Object of Devotion: Medieval English Alabaster Sculpture from the Victoria and Albert Museum

March 3, 2012 - May 13, 2012

This exhibition presents sixty beautifully-carved alabaster panels and free-standing figures that were displayed in the homes, chapels, and churches of both aristocratic and non-aristocratic Christians in the 15th and 16th centuries.

Alabaster production during the Middle Ages centered on the making and selling of finely decorated, gilded and colored sculpture to churches, nobles, and owners of private chapels. More common examples, however, were intended to brighten the homes and spiritual lives of people of modest means and are now treasured as the folk art of the ordinary medieval English man and woman. Due to this range in intended audience, this assemblage of English alabasters offers an unrivalled glimpse into the spiritual lives, hopes, fears and religious aspirations of both aristocratic and non-aristocratic society during the Middle Ages. Since alabasters were sold across the Continent in large quantities, the exhibition sheds light on spirituality and culture beyond the English Channel, with English examples having been found in countries from Iceland to Italy, and Poland to Portugal.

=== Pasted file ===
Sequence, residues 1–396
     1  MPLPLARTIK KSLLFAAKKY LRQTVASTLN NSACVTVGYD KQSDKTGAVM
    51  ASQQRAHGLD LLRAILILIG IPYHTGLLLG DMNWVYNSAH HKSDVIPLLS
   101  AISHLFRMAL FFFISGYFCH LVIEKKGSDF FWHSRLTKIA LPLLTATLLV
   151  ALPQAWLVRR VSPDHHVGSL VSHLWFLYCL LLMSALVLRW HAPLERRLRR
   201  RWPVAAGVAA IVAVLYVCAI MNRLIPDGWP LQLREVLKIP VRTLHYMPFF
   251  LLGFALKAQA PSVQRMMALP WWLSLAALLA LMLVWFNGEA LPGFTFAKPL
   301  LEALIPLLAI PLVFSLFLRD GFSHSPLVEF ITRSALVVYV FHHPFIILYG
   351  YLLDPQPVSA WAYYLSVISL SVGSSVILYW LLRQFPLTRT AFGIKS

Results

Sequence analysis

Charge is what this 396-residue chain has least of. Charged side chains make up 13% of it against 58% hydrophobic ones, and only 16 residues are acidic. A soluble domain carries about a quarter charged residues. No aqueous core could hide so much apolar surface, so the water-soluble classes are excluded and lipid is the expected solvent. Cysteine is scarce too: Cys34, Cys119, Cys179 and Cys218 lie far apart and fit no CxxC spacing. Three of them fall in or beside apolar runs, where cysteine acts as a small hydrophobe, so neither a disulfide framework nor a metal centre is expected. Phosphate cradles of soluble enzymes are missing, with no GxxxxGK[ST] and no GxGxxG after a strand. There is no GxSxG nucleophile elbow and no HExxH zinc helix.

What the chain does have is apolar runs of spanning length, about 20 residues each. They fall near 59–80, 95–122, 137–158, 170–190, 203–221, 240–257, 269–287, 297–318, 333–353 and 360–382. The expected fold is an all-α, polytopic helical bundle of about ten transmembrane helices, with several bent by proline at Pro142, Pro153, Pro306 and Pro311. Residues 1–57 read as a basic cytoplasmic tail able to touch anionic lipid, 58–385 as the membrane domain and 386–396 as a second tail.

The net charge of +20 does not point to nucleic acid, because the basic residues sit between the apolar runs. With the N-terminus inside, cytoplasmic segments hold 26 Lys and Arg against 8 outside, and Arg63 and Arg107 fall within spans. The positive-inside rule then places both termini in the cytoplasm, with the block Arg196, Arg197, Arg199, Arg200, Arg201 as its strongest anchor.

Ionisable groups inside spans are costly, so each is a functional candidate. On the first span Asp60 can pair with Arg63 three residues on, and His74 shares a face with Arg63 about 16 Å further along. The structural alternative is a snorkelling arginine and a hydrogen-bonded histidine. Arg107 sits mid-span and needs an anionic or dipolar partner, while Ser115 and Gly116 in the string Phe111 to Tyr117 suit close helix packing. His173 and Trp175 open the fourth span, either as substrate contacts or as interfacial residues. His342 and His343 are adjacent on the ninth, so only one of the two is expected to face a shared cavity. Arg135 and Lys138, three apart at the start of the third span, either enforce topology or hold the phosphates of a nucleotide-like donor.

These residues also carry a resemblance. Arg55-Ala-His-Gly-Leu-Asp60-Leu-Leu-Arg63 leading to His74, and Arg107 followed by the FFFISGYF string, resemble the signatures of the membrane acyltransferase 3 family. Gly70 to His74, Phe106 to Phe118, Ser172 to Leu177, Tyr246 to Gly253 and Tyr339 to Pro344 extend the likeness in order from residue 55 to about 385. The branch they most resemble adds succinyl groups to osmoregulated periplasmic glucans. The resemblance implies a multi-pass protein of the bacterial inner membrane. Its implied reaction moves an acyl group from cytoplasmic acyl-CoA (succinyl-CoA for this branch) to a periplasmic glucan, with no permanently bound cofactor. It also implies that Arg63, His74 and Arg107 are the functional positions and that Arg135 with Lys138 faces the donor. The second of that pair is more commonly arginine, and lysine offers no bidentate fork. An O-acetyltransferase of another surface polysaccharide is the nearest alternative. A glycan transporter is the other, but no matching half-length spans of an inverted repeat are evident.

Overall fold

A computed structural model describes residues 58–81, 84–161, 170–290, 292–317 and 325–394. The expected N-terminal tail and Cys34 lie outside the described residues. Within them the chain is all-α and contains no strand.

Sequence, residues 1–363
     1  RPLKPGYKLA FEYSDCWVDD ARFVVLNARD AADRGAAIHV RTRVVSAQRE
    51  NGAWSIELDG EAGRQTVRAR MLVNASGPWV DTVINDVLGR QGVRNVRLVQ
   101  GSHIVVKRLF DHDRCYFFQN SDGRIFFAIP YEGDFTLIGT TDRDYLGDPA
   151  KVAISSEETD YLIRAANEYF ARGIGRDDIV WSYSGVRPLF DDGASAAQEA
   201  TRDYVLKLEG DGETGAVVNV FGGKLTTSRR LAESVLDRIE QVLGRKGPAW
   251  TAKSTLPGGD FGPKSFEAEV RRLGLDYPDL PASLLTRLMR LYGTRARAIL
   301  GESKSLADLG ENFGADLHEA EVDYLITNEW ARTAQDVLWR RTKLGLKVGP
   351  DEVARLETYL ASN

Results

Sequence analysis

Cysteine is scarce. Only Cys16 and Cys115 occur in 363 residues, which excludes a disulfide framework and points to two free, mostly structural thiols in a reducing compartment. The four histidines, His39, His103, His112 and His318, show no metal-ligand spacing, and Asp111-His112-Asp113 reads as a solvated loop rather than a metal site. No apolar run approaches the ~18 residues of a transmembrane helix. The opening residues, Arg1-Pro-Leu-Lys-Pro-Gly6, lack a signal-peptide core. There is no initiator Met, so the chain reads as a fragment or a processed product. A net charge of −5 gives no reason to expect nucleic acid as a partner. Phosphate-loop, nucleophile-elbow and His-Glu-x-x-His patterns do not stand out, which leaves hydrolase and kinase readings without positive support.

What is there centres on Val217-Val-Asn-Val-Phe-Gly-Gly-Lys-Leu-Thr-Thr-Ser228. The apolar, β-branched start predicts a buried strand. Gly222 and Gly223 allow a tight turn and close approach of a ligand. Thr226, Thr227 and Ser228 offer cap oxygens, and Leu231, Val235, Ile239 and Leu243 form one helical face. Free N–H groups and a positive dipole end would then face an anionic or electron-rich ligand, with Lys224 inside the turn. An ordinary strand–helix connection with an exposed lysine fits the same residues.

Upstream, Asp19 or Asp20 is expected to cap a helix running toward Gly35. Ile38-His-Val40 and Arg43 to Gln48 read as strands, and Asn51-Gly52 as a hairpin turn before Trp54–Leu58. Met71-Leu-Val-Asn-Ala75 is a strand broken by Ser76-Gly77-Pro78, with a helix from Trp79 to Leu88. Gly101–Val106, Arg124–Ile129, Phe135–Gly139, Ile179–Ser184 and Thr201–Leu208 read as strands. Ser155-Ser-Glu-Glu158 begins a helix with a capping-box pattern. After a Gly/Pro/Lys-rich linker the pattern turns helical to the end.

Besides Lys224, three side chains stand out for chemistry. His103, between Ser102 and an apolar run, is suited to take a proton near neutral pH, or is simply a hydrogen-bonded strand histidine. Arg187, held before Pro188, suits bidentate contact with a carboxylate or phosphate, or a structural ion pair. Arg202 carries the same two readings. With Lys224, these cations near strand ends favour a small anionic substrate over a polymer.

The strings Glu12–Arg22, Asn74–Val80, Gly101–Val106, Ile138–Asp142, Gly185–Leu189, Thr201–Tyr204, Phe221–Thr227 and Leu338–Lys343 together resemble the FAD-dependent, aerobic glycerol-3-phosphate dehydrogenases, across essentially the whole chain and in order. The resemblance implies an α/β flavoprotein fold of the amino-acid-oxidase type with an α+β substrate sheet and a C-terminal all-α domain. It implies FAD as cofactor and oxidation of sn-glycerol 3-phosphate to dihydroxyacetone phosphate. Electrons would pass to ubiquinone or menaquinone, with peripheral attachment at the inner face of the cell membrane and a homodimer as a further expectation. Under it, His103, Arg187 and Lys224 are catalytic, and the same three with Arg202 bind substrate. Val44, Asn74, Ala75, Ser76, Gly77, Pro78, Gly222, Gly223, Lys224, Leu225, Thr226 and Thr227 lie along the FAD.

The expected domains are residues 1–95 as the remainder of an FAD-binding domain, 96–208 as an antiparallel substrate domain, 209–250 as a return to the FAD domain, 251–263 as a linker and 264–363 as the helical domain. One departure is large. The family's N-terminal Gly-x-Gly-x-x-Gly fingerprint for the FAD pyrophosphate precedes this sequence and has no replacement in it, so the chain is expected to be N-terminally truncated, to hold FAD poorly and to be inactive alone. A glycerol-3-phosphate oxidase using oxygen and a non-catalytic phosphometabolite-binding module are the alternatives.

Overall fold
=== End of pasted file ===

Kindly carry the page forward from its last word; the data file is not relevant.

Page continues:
The exhibition is organized and circulated by Art Services International, Alexandria, Virginia. It is supported by a grant from The Samuel H. Kress Foundation.

His Excellency Sir Nigel Sheinwald, formerly Ambassador of the United Kingdom of Great Britain and Northern Ireland to the United States of America is Honorary Patron of the exhibition.

The exhibition is brought to the Kalamazoo community in cooperation with the Medieval Institute, Western Michigan University.


International Congress on Medieval Studies

The KIA’s presentation of Object of Devotion celebrates the 50th anniversary of the International Congress on Medieval Studies, held at Western Michigan University annually in May. The International Congress on Medieval Studies is the world’s largest annual gathering of people interested in the Middle Ages. Hosted by WMU’s Medieval Institute, the Congress has always drawn many attendees from the local community, who can pre-register for free online or at the Miller Auditorium ticket office. In 2012, the International Congress on Medieval Studies takes place May 10-13; pre-registration opens in February and closes April 25.

Panel of the Harrowing of Hell, late 15th century
Panel of the Adoration of the Magi, mid 15th century Panel of the Deposition, 15th century, alabaster Figure of St. Christopher, mid 15th century, alabaster Panel of the Fifth Sign of the Last Judgment, late 15th century, alabaster